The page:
In regards to women and school, all girls typically go to school until about age 10...but boys and girls do not go to school at the same time. In some places, boys and girls have totally different schools but in other places girls go in the morning and boys in the afternoon, or vice versa. After the age of 10 education for girls varies. Some families encourage their girls to go to school beyond age 10 while other families keep the girls home. The more "liberal" the family, the longer the girls go to school.

There is lots more related to marriage and family life...I'll post at a later date.

Things are still going very well here...less than 3-weeks until my R&R!

Tuesday, May 24, 2011


There are lots of counterfeit items in this country.

At the bazaar, there are DVDs for movies that just came out in the theaters a week before. The quality of these fakes range in quality. Some of them are so bad that they were created when a person went to the movie with a video camera and took a video of the movie as it was playing and then burned it to a disk. Sometimes you'll see someone from the audience stand up and then walk front of the video camera. Many years ago Seinfield did episode like this where Kramer was selling bootlegs filmed like this.

Counterfeit items are everywhere. If you want a whirlpool washing machine or a Sony can get them. They'll have all the proper labels and such but they will not be the same quality of the same products found in the states. You want GE lightbulbs? We got your GE lightbulbs (not really). You want Microsoft Office? $10 and it is yours...

The same counterfeiting happens with building supplies. It is difficult to build a building with high quality building materials as the documents that would attest to the quality are easily fabricated. Steel reports, concrete quality tests, concrete block strength tests, and even nut and bolt tests are all easily faked. Without quality building materials the buildings may not last as long as it should...or it could perform poorly during an earthquake, we don't really know...time will tell.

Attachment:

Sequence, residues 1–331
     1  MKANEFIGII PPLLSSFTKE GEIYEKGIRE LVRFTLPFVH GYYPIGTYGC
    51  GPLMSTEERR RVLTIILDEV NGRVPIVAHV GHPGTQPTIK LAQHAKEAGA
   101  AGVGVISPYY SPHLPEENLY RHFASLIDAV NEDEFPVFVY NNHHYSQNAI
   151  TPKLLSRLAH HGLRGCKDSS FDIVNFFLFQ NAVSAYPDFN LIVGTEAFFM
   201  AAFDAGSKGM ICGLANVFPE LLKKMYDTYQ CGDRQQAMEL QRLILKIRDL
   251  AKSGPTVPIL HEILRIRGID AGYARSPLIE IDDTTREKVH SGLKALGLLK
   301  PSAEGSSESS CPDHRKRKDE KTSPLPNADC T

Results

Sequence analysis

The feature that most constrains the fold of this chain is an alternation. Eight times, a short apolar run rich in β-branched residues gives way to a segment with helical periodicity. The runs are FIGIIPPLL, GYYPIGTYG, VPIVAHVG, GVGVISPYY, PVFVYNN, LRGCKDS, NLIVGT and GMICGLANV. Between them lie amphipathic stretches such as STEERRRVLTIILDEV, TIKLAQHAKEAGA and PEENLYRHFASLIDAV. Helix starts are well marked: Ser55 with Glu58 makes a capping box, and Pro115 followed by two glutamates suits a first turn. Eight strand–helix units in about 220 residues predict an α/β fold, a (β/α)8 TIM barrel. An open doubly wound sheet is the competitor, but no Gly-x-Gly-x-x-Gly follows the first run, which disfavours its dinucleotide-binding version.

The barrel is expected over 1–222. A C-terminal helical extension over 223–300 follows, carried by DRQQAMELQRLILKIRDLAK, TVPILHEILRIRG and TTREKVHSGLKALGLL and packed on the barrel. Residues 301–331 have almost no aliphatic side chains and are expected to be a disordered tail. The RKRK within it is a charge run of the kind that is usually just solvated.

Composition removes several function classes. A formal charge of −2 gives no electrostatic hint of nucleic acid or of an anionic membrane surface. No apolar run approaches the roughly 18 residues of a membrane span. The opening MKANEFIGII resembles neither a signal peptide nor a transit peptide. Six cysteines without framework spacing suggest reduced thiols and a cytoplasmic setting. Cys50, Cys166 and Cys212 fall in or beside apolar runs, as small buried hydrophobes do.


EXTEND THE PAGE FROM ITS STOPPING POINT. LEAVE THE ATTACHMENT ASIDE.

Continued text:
Counterfeiting sometimes has more immediate and deadly ramifications than a washing machine or TV not lasting as long as it should. A couple of days ago a guy with a counterfeit Afghan Military uniform detonated a suicide vest in a tent at the military hospital. The people that were killed were intern doctors at the hospital. The hospital wasn't too far from our compound. Lots of people eating lunch outside heard the explosion and our compound and Camp Eggers immediately went into a lockdown state. The Corps of Engineers has a group of people stationed at the military hospital to assist with things over there and their tent was about 200 feet away from the site of the detonation.

There are many things I don't understand about life over here...suicide bombers are at the top of the list.

Wednesday, May 18, 2011

Bone Marrow...

I couldn't sleep last night. I got an email from Kristi about a child of someone she knows and it shook me. I'll share some of it below...editing it as it isn't my story to share...I did, however feel compelled that some of this get passed on.

[ 3-year-old son, XXXXX, has been fighting serious health issues dating back to January 2010. He has been in and out of the hospital multiple times since then, and most recently, we have been inpatient...for nearly a month.

Many people have inquired about XXXX’s current medical situation. He has had a very difficult and complex journey the last 17 months and, believe it or not, it will only get more difficult in the coming weeks. He was originally diagnosed in February 2010 with Hemophagocytic Lymphohistiocytosis (HLH) caused by the Epstein-Barr Virus (EBV). EBV is a common virus found in 90% of the population. In XXXXX’s case, his body is simply not able to fight off the EBV thus triggering the HLH, which is fatal if untreated. The only way to cure HLH is with chemotherapy, and if that doesn’t work, a bone marrow transplant. After 2 relapses in 2010, a lot of research and consulting with our team of was determined that XXXXX has a much more complicated and rare auto immune deficiency and he needed a bone marrow transplant as soon as possible. In December, he was officially diagnosed with Systemic EBV-Induced T-Cell Lymphoproliferative Disease of Early Childhood. As it turns out, he is only one of 26 documented cases in United States History.